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08/24/09 2:00 AM ET

Depth makes Rockies' staff dangerous

Reliability defines a rotation headed by budding Jimenez

DENVER -- Rockies manager Jim Tracy spent this past weekend as Don King -- without the spiky hair and bizarre flourishes. Tracy had a big match to promote and a challenger to sell.

The Giants' Tim Lincecum had fame and a National League Cy Young Award in his corner. But Tracy felt that his own ace, Ubaldo Jimenez, hadn't received just billing. After Jimenez struck out nine in eight innings and faced down Lincecum in the Rockies' 4-2 victory on Sunday afternoon, though, Tracy felt Jimenez had proven his point.

"That's pretty special," said Tracy, whose team entered play on Monday 3 1/2 games behind the Dodgers in the NL West and three games ahead of the Giants in the NL Wild Card race. "I think he deserves more notoriety than he has gotten to this point, beyond here in Denver."

National eyes don't have to stop with Jimenez, who is 12-9 with a 3.36 ERA on the season and 5-0 with a 1.63 ERA this month. The right-hander has pitched six or more innings a whopping 22 straight starts.

The Rockies' rotation:

• consists of four starters -- Jimenez, Jason Marquis (14-8), Jorge De La Rosa (12-8) and Aaron Cook (10-6 before going on the disabled list Saturday with a sore right shoulder) who have at least 10 wins. Jason Hammel (8-7) is knocking on the double-figures door.

• entered Monday tied with the Braves and Cubs for the NL lead in "quality starts" (six or more innings pitched, three or fewer earned runs allowed) with 75.

• boasts four starters with win streaks of at least five games. Jimenez's victory on Sunday ran his win streak to a career-best six. Cook and De La Rosa have seven-game runs, and Hammel has won five straight. The only one who didn't have such a streak was Marquis, the only Rockies pitcher to be chosen to this year's NL squad in the All-Star Game.

The effectiveness of the starting rotation -- not to mention a solid bullpen, which has turned over everyone but closer Huston Street since Opening Day -- has allowed the Rockies to weather slumps by the offense and win big when the team scores big.

"Psychologically, it's kind of tough for the offense to consistently win games," Rockies catcher Chris Iannetta said. "You're trying to come back and back and back. That's taxing. I'm not saying it can't be done, but it's more difficult.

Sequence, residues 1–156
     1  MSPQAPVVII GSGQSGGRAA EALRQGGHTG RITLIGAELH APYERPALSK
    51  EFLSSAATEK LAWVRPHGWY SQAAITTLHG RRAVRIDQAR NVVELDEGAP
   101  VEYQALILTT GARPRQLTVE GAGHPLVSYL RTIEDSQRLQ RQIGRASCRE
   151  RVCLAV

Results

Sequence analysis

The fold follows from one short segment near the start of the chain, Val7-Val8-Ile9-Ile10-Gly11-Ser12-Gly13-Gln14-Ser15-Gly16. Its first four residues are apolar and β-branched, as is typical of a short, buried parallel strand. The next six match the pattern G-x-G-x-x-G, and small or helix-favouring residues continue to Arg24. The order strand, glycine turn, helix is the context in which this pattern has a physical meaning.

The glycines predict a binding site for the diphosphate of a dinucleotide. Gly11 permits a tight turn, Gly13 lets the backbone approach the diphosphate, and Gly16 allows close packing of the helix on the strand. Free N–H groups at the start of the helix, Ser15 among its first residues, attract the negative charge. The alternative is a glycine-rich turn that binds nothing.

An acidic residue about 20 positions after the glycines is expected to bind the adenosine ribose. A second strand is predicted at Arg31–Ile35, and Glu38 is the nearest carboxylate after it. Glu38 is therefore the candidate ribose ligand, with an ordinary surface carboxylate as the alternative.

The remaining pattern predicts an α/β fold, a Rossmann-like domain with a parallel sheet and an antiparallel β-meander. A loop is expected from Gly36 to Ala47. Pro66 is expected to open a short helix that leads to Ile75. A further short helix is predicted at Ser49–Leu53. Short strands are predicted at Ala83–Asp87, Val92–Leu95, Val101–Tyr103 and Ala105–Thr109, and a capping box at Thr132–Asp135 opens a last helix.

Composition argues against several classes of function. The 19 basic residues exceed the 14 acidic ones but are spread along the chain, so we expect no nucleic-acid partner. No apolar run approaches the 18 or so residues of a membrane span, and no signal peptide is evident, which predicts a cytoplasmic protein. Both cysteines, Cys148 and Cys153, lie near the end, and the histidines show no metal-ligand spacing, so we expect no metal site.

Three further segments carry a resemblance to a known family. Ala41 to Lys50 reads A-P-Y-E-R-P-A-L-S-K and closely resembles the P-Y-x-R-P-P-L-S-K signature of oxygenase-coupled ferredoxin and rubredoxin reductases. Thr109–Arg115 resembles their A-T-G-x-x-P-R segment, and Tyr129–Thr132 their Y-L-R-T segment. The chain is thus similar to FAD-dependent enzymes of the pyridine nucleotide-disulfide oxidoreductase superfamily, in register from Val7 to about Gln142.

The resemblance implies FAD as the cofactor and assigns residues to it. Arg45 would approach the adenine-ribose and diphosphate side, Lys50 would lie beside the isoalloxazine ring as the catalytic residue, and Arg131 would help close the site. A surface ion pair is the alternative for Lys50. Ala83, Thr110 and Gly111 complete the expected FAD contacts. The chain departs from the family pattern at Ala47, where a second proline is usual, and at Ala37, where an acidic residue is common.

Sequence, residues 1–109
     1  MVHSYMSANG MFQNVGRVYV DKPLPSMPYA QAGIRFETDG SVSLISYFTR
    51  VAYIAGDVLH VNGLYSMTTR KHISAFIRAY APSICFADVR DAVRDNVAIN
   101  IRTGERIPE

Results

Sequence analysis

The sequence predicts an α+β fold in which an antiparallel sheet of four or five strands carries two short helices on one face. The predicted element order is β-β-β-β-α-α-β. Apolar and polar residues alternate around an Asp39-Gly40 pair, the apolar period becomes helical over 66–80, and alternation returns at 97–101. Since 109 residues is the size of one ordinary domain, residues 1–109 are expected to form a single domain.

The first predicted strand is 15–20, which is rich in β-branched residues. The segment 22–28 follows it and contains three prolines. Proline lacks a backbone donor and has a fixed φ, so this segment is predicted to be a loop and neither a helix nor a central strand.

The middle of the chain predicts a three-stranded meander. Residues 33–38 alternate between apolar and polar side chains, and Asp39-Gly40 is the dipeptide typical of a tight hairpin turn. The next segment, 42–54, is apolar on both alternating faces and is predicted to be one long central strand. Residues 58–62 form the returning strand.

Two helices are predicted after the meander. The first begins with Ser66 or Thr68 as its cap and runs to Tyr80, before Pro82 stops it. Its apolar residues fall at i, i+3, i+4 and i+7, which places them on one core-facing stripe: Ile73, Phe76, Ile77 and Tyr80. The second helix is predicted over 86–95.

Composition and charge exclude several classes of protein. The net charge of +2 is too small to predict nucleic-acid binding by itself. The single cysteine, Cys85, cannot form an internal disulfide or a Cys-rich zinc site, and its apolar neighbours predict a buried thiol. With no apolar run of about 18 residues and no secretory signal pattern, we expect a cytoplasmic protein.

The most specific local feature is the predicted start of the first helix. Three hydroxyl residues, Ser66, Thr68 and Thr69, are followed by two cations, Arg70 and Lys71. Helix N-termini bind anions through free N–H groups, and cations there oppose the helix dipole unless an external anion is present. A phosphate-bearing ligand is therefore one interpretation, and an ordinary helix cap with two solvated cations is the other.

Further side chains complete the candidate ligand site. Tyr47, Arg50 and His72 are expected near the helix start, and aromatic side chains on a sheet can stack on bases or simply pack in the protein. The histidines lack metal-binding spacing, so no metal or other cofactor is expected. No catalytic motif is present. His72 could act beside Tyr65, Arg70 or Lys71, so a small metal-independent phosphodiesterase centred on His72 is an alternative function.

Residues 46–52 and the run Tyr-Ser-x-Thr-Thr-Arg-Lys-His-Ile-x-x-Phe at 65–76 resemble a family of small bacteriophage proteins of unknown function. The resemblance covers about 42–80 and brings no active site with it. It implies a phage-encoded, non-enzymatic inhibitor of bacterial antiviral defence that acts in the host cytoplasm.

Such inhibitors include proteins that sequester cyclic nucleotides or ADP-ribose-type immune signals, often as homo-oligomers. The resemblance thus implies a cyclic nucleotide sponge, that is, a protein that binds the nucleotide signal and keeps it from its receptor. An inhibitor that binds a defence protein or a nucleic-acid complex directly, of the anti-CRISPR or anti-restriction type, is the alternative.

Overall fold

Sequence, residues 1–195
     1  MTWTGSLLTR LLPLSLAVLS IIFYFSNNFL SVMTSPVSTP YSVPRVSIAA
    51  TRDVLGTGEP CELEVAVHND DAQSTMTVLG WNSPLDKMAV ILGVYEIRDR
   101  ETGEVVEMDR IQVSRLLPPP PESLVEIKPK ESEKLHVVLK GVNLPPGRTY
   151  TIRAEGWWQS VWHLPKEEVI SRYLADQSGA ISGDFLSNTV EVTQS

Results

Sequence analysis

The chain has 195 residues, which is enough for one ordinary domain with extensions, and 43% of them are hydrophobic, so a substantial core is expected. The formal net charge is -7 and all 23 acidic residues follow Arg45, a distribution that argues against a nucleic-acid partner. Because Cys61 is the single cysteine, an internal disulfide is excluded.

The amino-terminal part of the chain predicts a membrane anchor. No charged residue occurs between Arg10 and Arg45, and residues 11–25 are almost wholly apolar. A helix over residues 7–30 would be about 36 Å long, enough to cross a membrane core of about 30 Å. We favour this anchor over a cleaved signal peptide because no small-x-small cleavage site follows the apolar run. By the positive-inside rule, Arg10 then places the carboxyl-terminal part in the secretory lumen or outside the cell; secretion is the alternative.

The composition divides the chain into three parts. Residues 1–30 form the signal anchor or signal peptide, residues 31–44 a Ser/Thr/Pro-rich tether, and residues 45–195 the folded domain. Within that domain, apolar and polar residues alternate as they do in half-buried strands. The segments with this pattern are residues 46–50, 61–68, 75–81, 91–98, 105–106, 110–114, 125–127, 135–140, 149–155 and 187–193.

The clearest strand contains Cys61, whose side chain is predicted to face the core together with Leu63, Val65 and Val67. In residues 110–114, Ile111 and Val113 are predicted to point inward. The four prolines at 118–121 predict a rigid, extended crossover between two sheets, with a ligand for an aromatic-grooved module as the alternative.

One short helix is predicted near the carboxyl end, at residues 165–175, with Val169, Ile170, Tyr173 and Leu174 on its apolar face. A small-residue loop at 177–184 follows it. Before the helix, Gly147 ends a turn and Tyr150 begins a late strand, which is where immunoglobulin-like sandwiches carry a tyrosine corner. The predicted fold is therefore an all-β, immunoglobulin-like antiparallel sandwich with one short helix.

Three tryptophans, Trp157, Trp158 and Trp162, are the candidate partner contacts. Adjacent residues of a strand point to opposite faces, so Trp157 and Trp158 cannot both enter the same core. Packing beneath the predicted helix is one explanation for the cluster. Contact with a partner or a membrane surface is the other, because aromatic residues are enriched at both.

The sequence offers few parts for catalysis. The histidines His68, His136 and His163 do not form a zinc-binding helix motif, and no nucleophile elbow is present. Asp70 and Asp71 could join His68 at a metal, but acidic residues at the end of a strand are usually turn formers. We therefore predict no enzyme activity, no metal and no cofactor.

"If your pitching and defense are consistent, you're going to have a better chance of winning every game than you were if you were just an offensive-minded team."

There is a logical reason the national spotlight is late in finding the Rockies' stellar starting pitching. No one saw it coming.

The biggest preseason news involving the staff was left-hander Jeff Francis' season-ending left shoulder surgery in February. Cook was an All-Star in 2008, but beyond him, the track record of the rotation did not have anyone forecasting it to be one of baseball's best.

Jimenez was coming off his first full Major League season, 2008, which included a strong second half. When De La Rosa arrived in a trade with the Royals last April, he was with his fifth organization -- not counting a stint in the Mexican League -- and bounced in and out of the rotation before catching fire late last season. Hammel didn't join the Rockies until the end of Spring Training this year, after he lost a competition with Jeff Niemann to be the Rays' No. 5 starter.

The best-known pitcher was Marquis, who was obtained in an offseason trade with the Cubs for reliever Luis Vizcaino and had enjoyed a solid career with three clubs but was not considered a star.

And although the rotation was solid early, the team's 18-28 start, which led to the replacement of former manager Clint Hurdle with Tracy on May 29, further pushed Colorado's pitching staff out of sight and out of mind.

But the Rockies, one season removed from a surprise World Series appearance, had high internal expectations based on the talent of their staff.

Last year was Cook's breakout in terms of wins and health, but he entered this season as one of baseball's most effective ground-ball pitchers over a four-year period. Jimenez followed up last year's strong second half -- which included an 8-3 record and a 3.83 ERA -- with dominating work for the Dominican Republic in the World Baseball Classic this past March. De La Rosa's upper-90s fastball and put-away slider were keys to his going 7-3 with a 3.08 ERA after last year's All-Star break.

"I talked to all of you guys in Spring Training and said this potentially could be the best rotation I've ever had here -- as far as [Nos.] 1-5, absolutely."
-- Rockies pitching
coach Bob Apodaca

"I talked to all of you guys in Spring Training and said this potentially could be the best rotation I've ever had here -- as far as [Nos.] 1-5, absolutely," said Rockies pitching coach Bob Apodaca, who joined the club in 2003.

The 31-year-old Marquis -- who went from the lower part of rotations with big-name pitchers as a member of the Braves, Cardinals and Cubs to a leader with the Rockies -- said the rotation he joined passed the eye test.